HOTM Profile: Chicopee Public Schools
|School District||Chicopee Public Schools|
We had a great discussion with Greta Schwachman (FoodCorps member with ChicopeeFRESH), Rachel Harb (Chicopee Public Schools Farm to School Coordinator), Becky Barrett (Head Chef at Lambert-Lavoie Elementary School), and Joanne Lennon (Director of Food Service at Chicopee Public Schools), who all shared their experiences implementing Harvest of the Month with us.
Procurement & Menu Incorporation
The Chicopee Public Schools, and their Farm to School program, Chicopee Fresh work together to increase local foods in Chicopee’s cafeterias. Greta Schwachman, a FoodCorps member, implements taste tests using Harvest of the Month crop recipes, and if they’re successful they will try and incorporate those recipes into the menu. The head chef at Lambert-Lavoie Elementary School, Becky Barrett, tells us that, “you have to just keep on getting [a new recipe] out there.” An initially unpopular recipe can become more favorable simply by offering it several times in the cafeteria.
The Chicopee district is located close to Czajkowski Farms in Hadley, and Joe Czajkowski is able to process fresh vegetables, for example, shredded carrots, carrot coins, and diced butternut squash right on his farm. Greta says this removes the time and labor barrier that some might face when thinking of serving local butternut squash, and “all [the kitchen staff] have to do is coat it and throw it on a tray and roast it.” Because there are limited kitchen staff, especially in the elementary schools, it is extremely useful to have some of the food prepped before arriving in the kitchen.
Chicopee takes advantage of the printed promotional materials that Mass. Farm to School provides, hanging posters, and handing out “I tried it” stickers and trading cards. Rachel Harb, Chicopee’s Farm to School Coordinator, says she remembers one student who was so excited about the pear facts he exclaimed, “Wow! There are seven thousand kinds of pears!” The kids also take them home and share them with their families, and at times request recipes from the taste tests so they can try to make them at home as well.
Rachel works with Food Service Director, Joanne Lennon to create menus which incorporate the Harvest of the Month ingredient and ensure that it’s used in at least one recipe each week. She says, “we have a blurb about [the ingredient]… on the menu, which goes home with the kids and its on the website.” Greta posts blurbs and photographs about the Harvest of the Month taste tests on Chicopee Fresh’s website, Facebook, Twitter, and Instagram accounts. Chicopee Fresh also has brochures they hand out at school events, such as open houses, which direct people to their website, spreading the word about farm to school.
Greta does taste tests featuring Harvest of the Month items at four Chicopee public schools, including Lambert-Lavoie Elementary. For December’s Harvest of the Month, carrots, Head Chef Becky featured carrot muffins. This recipe is part of a new pilot program Chicopee is launching, Baking in Schools. Lambert-Lavoie is the first school to be participating in this program and once a week Chef Becky makes muffins from scratch featuring local ingredients, such as, sweet potato, pumpkin, zucchini, blueberries, and strawberries. If the kids like the carrot muffins during Greta’s taste test, Chef Becky will add them to her recipe repertoire.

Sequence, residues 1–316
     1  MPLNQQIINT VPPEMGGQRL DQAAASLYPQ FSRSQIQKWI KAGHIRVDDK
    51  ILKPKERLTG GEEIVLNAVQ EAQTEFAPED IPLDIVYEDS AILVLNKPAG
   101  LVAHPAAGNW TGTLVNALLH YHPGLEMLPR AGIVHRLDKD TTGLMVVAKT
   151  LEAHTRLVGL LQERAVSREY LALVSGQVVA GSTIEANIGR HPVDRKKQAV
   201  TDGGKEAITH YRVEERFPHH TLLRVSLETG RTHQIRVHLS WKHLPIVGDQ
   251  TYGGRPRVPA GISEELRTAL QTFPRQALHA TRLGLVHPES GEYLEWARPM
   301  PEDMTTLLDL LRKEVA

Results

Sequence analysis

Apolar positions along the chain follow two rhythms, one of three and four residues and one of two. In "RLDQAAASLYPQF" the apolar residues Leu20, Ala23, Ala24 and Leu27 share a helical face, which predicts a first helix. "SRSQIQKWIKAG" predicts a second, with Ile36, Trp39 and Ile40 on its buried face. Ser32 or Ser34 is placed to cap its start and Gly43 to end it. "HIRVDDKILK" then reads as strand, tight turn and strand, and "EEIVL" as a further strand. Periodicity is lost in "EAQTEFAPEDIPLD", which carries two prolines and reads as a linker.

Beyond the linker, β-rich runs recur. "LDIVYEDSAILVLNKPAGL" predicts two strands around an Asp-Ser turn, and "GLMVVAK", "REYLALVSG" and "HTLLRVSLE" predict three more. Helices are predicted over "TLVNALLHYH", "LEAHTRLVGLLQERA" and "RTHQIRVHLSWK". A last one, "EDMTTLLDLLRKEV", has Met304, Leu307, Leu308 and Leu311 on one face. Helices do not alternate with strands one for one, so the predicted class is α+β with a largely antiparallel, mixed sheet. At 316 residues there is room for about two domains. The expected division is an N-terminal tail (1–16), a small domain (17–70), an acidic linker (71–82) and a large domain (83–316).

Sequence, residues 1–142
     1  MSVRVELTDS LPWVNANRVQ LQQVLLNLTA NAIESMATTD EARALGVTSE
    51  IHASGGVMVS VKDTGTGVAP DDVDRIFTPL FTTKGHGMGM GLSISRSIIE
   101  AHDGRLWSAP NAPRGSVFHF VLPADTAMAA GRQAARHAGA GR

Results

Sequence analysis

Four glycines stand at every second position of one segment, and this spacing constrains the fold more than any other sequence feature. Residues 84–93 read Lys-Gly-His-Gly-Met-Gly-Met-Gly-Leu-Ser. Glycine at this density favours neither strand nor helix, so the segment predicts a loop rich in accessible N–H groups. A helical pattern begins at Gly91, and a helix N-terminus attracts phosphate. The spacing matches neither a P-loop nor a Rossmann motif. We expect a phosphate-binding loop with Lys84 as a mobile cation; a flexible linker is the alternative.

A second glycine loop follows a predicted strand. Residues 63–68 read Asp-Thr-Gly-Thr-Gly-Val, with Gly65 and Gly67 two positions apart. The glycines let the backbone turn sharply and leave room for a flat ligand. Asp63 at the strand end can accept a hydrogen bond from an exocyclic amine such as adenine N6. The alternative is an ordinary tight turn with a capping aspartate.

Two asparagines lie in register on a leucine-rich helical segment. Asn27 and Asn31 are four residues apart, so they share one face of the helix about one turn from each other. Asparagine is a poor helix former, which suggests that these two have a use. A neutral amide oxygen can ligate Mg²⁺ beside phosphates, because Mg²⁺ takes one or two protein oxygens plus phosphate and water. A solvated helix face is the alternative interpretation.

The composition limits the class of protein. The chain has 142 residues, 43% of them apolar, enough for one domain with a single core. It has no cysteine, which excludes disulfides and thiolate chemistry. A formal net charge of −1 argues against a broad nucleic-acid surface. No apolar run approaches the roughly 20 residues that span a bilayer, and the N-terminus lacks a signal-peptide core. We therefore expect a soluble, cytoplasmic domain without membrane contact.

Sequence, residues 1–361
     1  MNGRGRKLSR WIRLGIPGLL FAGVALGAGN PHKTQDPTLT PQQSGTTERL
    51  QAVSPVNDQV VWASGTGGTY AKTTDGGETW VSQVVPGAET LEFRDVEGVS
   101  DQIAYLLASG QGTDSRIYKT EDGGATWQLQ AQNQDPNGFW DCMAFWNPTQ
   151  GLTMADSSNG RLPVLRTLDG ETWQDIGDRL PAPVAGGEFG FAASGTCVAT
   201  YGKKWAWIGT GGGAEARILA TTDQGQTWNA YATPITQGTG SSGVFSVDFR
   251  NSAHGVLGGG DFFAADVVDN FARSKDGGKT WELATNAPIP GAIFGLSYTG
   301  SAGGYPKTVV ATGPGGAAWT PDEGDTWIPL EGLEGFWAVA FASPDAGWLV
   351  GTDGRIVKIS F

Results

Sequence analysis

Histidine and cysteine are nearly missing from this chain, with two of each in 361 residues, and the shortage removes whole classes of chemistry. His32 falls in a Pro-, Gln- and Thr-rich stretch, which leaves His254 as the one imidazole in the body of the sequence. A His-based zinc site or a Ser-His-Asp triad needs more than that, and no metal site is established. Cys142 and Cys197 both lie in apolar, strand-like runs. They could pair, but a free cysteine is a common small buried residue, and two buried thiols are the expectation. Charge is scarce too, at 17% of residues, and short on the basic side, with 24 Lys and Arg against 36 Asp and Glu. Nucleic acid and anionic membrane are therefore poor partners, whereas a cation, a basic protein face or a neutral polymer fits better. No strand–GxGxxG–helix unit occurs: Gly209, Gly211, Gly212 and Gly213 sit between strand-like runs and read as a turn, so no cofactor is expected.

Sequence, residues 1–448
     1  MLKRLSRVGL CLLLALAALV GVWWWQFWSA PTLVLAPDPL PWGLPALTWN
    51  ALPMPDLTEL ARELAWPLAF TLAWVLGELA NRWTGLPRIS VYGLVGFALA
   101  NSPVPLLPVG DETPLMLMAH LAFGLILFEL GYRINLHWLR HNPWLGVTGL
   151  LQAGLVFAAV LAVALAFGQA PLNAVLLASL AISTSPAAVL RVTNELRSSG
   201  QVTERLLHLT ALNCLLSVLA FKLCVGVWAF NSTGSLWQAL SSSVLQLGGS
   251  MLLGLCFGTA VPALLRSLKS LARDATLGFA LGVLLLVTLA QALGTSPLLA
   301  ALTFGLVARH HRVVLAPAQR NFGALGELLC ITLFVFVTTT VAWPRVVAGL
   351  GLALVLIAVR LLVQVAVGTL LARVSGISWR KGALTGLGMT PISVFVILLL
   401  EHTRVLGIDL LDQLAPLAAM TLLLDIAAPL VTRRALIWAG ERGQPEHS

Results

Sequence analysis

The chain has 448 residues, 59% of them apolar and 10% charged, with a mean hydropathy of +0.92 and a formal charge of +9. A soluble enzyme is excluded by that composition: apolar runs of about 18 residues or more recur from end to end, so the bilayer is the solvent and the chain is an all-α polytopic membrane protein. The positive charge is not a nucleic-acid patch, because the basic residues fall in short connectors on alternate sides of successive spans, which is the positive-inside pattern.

Chicopee is also working on more community outreach and education surrounding the farm to school movement. They had a booth at the 2nd Annual Downtown Get Down (similar to a block party) where they sold smoothies (made with a bicycle blender!) and shared information about Chicopee’s Farm to School programming. They are planning to have another informational event at a local library. Rachel and Becky were able to attend the Farm to School Institute at Shelburne Farms and found it to be very useful in terms of expanding their farm to school reach, “and have a more district-centered approach that combines cafeteria, classroom, and community.”
Advice & Challenges
“It’s important to start off slow,” Becky says, “you can’t bombard [the students] with a whole bunch of new fancy stuff. You have to be consistent with serving it, and do the taste testing because that helps them get familiar with what you’re serving.” Chicopee also recommends trying to work with a farmer that will process some of your produce for you. They suggest you speak with your cook managers and review the menu items with them before confirming each menu, to make sure that new recipes are successful in the kitchen as well as with the students.
Chicopee tries to pick simple and cost-sensitive recipes for taste testing, as that is the best way to get local produce on the menu. When they do taste testing most kids will try the item, but that’s not always the case when it’s served in the cafeteria line. The taste tests are time consuming, but very effective. Becky says, “There’s a lot of kids that don’t see [certain foods] at home. They might not even know what cauliflower or kale is.” Becky helps them try new foods by labeling carefully, “if you write noodles with parmesan cheese the kids will probably take it. But if they see ‘butternut squash noodles with parmesan cheese’ they automatically think, I’m not going to like it.” She reminds us that you don’t want to be misleading, but you don’t want to scare them away, and that’s a tricky balance!
Chicopee FRESH Taste Test Recipe Book by Greta Schwachman, featuring featuring a Green (Kale) Smoothie, Butternut Squash Pasta with Parmesan” and “Sweet Potato Hummus.”